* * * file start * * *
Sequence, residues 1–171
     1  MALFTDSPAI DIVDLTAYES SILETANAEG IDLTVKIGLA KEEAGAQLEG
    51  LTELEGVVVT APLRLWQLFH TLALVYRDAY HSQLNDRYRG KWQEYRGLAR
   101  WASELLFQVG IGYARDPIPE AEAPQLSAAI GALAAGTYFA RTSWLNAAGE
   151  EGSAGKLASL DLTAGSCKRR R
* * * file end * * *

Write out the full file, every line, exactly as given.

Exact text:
Sequence, residues 1–171
     1  MALFTDSPAI DIVDLTAYES SILETANAEG IDLTVKIGLA KEEAGAQLEG
    51  LTELEGVVVT APLRLWQLFH TLALVYRDAY HSQLNDRYRG KWQEYRGLAR
   101  WASELLFQVG IGYARDPIPE AEAPQLSAAI GALAAGTYFA RTSWLNAAGE
   151  EGSAGKLASL DLTAGSCKRR R